Trevor Bauer

Trevor Bauer turns in the worst start of the season

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Not his worst start. The worst start.

Trevor Bauer surrendered five runs and six hits while getting just two outs Friday in the first game of a doubleheader against the White Sox. He was up to 49 pitches in the first when manager Terry Francona finally had to come get him, putting the Indians in a major bind with at least 17 more innings to go today.

Oddly, Bauer opened the game immediately working from the stretch. He may have had some problems getting loose, judging from the way he was often shrugging and stretching in-between pitches. His velocity was fine, though, as he was hitting 93-94 mph with his fastball.

But if working exclusively from the stretch was an experiment, it was a disastrous one. He gave up hits to the first two batters he faced. After a sac fly, he surrendered a two-run homer to Adam Dunn and later a solo shot to Jeff Keppinger, who had just one homer in 227 at-bats this season. That made it 4-0.

Brent Morel followed Keppinger’s homer was a single. Bauer, despite working from the stretch for about 30 pitches now, paid him absolutely no attention, allowing him to steal second easily, even though he stumbled a little on the way. It was Morel’s 12th steal in 184 major league games. Gordon Beckham followed with a double to make it 5-0.

After that came a Tyler Flowers HBP, which might seem rather suspicious, except for the fact that it came with two strikes and wasn’t actually a HBP. The ball obviously hit the knob of Flowers’ bat, judging by a) the sound it made, b) the fact that it rolled at least 20 feet away and c) that Flowers didn’t so much as shake his hand afterwards, despite the pitch being a 93-mph fastball.

Bauer knew the ball hit the knob and questioned umpire Alan Porter’s terrible decision to award the HBP, but didn’t argue vehemently. Francona came out as well. He’d return a couple of minutes later after Bauer walked leadoff man Alejandro De Aza. Bauer was pulled after throwing 49 pitches to 10 batters.

It’s almost certainly the last we’ll see of Bauer in the majors for a while. The Indians might want to consider demoting him to A-ball, rather than Triple-A, in order to send him a message.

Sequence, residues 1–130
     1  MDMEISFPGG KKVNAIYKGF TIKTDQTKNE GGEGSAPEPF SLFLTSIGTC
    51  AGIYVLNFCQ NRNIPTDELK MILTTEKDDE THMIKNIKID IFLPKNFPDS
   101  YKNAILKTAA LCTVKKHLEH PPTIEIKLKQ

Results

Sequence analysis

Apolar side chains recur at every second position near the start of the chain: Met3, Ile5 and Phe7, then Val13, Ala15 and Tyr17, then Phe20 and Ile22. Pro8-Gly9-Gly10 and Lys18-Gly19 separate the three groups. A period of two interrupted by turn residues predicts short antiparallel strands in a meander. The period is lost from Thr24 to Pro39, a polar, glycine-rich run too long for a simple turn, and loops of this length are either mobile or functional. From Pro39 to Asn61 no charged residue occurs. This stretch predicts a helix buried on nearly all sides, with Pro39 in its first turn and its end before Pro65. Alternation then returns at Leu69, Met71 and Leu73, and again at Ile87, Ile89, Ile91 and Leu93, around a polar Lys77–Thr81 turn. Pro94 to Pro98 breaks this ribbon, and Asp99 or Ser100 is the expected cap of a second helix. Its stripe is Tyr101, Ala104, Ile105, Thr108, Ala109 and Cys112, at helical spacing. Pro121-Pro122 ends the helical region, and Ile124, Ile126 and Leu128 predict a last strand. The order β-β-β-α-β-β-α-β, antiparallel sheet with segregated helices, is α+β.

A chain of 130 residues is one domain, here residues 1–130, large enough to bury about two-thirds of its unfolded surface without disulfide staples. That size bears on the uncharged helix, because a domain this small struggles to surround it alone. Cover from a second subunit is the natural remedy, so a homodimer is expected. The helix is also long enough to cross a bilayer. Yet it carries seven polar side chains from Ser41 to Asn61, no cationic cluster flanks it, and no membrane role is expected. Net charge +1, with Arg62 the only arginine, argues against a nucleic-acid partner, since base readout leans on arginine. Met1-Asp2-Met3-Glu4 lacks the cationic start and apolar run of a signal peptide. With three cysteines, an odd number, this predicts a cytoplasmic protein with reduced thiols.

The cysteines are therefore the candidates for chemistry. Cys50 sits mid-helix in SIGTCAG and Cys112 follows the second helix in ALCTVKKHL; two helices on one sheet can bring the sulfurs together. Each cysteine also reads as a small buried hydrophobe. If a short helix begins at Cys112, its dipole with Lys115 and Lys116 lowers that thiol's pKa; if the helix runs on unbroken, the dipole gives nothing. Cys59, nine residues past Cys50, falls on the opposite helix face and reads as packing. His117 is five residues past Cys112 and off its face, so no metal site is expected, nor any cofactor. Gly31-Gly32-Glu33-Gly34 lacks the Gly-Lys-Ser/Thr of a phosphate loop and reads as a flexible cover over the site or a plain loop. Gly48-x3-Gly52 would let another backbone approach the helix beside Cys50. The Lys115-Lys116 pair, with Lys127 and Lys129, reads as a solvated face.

Orioles re-sign Michael Bourn to a minor league deal

TORONTO, ON - OCTOBER 04:  Michael Bourn #1 of the Baltimore Orioles hits a single in the fifth inning against the Toronto Blue Jays during the American League Wild Card game at Rogers Centre on October 4, 2016 in Toronto, Canada.  (Photo by Tom Szczerbowski/Getty Images)
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The Orioles have re-signed outfielder Michael Bourn to a minor league contract with an invitation to major league camp, MASN’s Roch Kubatko reports.

Bourn, 34, joined the Orioles last year in a trade from the Diamondbacks on August 31. Though he compiled a meager .669 OPS with the Diamondbacks, Bourn hit a solid .283/.358/.435 in 55 plate appearances with the O’s through the end of the season.

Bourn, a non-roster invitee to camp, will try to play his way onto the Orioles’ 25-man roster. If he does make the roster, Bourn will receive a $2 million salary, Jon Heyman of FanRag Sports points out.

Shelby Miller is in the best mental shape of his life

PITTSBURGH, PA - MAY 24:  Shelby Miller #26 of the Arizona Diamondbacks pitches in the first inning during the game against the Pittsburgh Pirates at PNC Park on May 24, 2016 in Pittsburgh, Pennsylvania.  (Photo by Justin K. Aller/Getty Images)
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Diamondbacks starter Shelby Miller had about as bad a season as one can have. He was the headliner in the trade that sent 2015 No. 1 overall pick Dansby Swanson, All-Star outfielder Ender Inciarte, and highly-regarded pitching prospect Aaron Blair to the Braves. It was a trade that was pilloried at the time and continues to be pilloried to this day.

Miller didn’t do then-GM Dave Stewart any favors with his 2016 performance. He went 3-12 with a 6.15 ERA and a 70/42 K/BB ratio over 101 innings. That included a bout with mechanical failure, as he kept hitting the mound with his follow-through. He went on the disabled list. And after that, he was demoted to Triple-A. After getting fired, Stewart expressed remorse over acquiring Miller — or, more accurately, giving up Swanson to do so.

So, the 26-year-old Miller heads into 2017 without any momentum. To his credit, though, he’s going into the new season with a very positive perspective. Via Ken Rosenthal of FOX Sports:

I’m just in a really happy place, away from the field, on the field. […]

Maybe it’s just the way I go about everything, trying to be positive in every single aspect of life. Baseball’s not perfect. I’m not perfect. I know bumps in the road are going to happen. Last year was obviously not just a bump, but a huge mountain. Right now, that’s completely behind me. I’m not worried about any of that.

I’m really ready for this year, ready to redeem myself so much.

Even pitching coach Mike Butcher sees the change in Miller’s mentality. “He’s not a different guy. But you can see there’s a presence in him. That’s what we need. Just be Shelby Miller. You don’t have to live up to anything. Just be yourself.”

Manager Torey Lovullo, too, praised Miller. “I saw a guy who had spent a lot of time taking care of his business in the weight room — he looks fantastic, in fantastic shape,” he said.

It sounds like Miller is not only in great mental shape, but great physical shape, too. Is it the “best shape of his life”? Only time can tell.